The downside is, you’re responsible for all of your self-hosted apps’ maintenance. You have to install updates, backup your data, make sure they’re secure, and more. It’s a risk many of us are willing to take to get more control of our webapps, but you must consider the extra time and resources it can take to maintain self-hosted apps. The good thing is, many self-hosted webapps are free, and the for-pay ones usually only cost a one-time fee unlike hosted webapps. Plus, you own your own data, so the service can’t just shut down without you knowing.

WordPress offers the best of both hosted and self-hosted services

Taking the Middle Road

Now, is it really self-hosting your apps if you’re running them on a managed server? After all, isn’t hosting from DreamHost or Amazon S3 a service, essentially a hosted webapp? To a certain degree, it is. By using a hosting service, you’re outsourcing the maintenance of the main server itself; you don’t have to dust out the server’s fans, or install the latest version of Apache. It gives you the middle road: the most critical stuff is maintained for you, while the stuff you enjoy tweaking is left for you to handle. In the end, it’s a matter of choice. You can use hosted services for everything, host all of your own stuff, or host your own apps on managed hosting.

Are webapps on a hosting account still self-hosted?

Localhost Webapps?

You can even take this even farther and host your own webapps on your PC. Microsoft’s made it easy to install many popular webapps, including WordPress, MediaWiki, and more, in only a couple quick steps. Even by hand on a Mac or Linux computer, though, it only takes minutes to get MySQL, PHP, Ruby on Rails, and more running on your computer so you can run all of the “cloud” services you want on your local machine. While this takes the “cloud” part out of webapps, it’s a great way to use webapps just like a normal program that works whether or not your ISP is doing their job.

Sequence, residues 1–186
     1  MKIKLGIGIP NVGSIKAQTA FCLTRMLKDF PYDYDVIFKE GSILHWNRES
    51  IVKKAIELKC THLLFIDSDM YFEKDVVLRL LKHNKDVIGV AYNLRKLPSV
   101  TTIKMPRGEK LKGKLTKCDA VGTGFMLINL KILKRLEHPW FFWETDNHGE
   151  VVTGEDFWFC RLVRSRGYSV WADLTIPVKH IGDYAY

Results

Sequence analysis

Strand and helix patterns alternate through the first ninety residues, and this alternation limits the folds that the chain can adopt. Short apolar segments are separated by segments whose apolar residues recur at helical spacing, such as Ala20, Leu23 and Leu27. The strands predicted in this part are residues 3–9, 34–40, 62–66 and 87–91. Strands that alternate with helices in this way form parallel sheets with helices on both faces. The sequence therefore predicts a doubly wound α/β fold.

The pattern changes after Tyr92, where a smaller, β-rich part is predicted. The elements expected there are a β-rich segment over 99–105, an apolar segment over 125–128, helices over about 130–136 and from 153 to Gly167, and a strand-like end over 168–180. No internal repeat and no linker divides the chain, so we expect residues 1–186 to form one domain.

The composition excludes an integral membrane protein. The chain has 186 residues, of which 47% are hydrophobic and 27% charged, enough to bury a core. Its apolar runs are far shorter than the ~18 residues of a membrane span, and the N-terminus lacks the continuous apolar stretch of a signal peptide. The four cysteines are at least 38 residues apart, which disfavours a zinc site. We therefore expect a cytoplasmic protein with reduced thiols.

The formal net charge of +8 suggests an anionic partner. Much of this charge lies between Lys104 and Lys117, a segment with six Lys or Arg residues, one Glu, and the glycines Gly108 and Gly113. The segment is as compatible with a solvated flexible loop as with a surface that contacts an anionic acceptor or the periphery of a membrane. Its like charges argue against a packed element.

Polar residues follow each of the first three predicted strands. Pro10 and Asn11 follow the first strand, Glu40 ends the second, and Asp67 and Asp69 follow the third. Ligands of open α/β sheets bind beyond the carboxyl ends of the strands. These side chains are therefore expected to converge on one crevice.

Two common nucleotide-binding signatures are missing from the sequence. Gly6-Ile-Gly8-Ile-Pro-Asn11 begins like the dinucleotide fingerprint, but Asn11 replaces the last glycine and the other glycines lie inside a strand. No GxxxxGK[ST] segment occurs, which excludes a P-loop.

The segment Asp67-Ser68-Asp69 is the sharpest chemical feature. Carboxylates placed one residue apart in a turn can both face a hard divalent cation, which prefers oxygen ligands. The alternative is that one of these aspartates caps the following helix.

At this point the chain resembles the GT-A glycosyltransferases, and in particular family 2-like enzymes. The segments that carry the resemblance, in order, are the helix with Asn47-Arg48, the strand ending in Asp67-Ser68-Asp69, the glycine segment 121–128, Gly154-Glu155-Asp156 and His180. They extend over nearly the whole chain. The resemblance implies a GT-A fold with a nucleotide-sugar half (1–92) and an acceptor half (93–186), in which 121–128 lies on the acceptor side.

Plus, you can even deploy local apps after testing, or sync them to other computers. This works especially good with simple webapps like TiddlyWiki; just put it in Dropbox and you’ve got a personal wiki ready to use wherever you need. Who said you need Evernote to keep your notes with you?

The Windows Web Platform Installer makes installing webapps locally simple

Conclusion

So, is there just one system you should choose and stick to? Should you use hosted services for everything, or host everything yourself? No! The greatest thing about webapps is how flexible web technologies are. You can run them locally on your computer, host them on a dedicated server, VPS, or share hosting account, or just pay a fee to another firm to keep up with everything for you. Plus, there are some apps that are self-hosted only, such as Mint Analytics, while others are only hosted services, like Gmail.

Instead of being tied in with one type of webapp, there’s room for all to flourish. I personally enjoy the ability to tweak my own site, so I have it self-hosted on my Dreamhost shared hosting account. But, I don’t want to deal with my email on my own, so I use Google Apps for all of my email, calendar, and contacts needs. With other webapps I use, I take a similar approach. If I want more power or want to customize more, then self-hosted works better; otherwise, hosted services are often much simpler.

There’s no perfect answer, and you’re always best to choose what’s best for yourself or your business. So, what type of webapps do you prefer? Do you try to always use roll-your-own solution, or would you rather have someone else manage your services so you don’t have to worry about it? We’d love to hear your insight in the comments!